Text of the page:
One is as a simple as asking for and deserving a raise. With the unemployment rate low and going lower, bargaining power is slowly shifting back to employees which should help the group as a whole get pay increases. The Society for Human Resource Management expects wages to rise 3% in 2015, though it could be faster depending on if the economy picks up speed.
A better way is to start a side business and get a second income stream besides your regular job. Besides the opportunity for extra income, a side business will keep you active and learning new things, particularly business skills, which are applicable to the other parts of your life as well as your primary job.
With the Internet and advances in communication technology the past 10 years it has never been easier to make a second stream of income. Some examples include:
- Everyone has skills that others would gladly pay you for. Try freelancing on the side.
- Start an online store through your own site, eBay, Etsy, Amazon, etc.
- Write for a website or magazine that will pay you to share your knowledge with others.
The ideal, though, is to create a product or some other form of intellectual property that you can create once and then continue to collect money from it for years to come. This is ideal as then you will continue to be bringing in money after you have retired and can live off the income stream as well as your other savings.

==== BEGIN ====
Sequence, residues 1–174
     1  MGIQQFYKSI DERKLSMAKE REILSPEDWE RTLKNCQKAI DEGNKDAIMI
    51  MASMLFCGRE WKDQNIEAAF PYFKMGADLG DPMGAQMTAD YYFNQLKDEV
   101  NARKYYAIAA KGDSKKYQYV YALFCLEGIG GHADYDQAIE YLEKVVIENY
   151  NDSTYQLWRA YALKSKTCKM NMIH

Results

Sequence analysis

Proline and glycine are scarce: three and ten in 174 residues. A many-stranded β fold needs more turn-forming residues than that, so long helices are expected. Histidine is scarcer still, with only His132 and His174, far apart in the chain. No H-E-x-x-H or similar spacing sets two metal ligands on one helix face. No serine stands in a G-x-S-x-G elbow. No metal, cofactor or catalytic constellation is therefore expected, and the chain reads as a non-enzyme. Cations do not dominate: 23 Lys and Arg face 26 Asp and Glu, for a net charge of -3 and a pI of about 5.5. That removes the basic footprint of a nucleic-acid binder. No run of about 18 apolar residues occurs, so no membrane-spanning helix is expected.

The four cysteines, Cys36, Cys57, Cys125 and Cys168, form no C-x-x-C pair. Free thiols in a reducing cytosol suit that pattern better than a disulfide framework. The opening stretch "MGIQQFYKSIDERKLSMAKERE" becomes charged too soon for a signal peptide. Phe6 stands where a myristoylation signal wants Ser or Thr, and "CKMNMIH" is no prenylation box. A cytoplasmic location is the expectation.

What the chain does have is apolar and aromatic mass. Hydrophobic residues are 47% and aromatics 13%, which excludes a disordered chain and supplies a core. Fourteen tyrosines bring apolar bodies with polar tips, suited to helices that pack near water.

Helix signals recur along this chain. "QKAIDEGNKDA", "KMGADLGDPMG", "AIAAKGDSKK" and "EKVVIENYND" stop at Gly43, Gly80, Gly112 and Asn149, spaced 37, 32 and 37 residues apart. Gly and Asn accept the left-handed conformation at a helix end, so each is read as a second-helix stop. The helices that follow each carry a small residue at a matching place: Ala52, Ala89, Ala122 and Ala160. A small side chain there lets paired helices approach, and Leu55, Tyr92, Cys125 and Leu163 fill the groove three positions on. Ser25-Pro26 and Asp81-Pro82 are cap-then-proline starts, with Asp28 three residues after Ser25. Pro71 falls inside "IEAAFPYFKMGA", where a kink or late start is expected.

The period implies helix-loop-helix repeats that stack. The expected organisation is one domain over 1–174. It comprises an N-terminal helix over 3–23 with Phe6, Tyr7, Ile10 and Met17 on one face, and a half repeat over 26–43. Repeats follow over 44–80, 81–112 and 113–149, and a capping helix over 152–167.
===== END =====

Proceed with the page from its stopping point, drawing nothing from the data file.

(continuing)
Jason Hall: Maximizing how much you save and invest is necessary if you want to retire by 50, but the most important thing you'll probably need to do is hit 50 with as low of a cost of living as possible. For starters, this means paying off debt, not carrying balances on your credit cards that lead to paying interest, and not leasing a new car every two or three years.
It might also mean that some of the things you become accustomed to before retirement, like having a housekeeper every week, or a pool service, go away. After all, you'll be retired -- you can spare a few hours every week to take on these chores if you really want to get out of the rat race. But don't stop there. Look at how much you pay for your mobile phone, Internet, and TV. These monthly costs can be thousands of dollars per year. Retiring at 50 might mean making do with less of these things.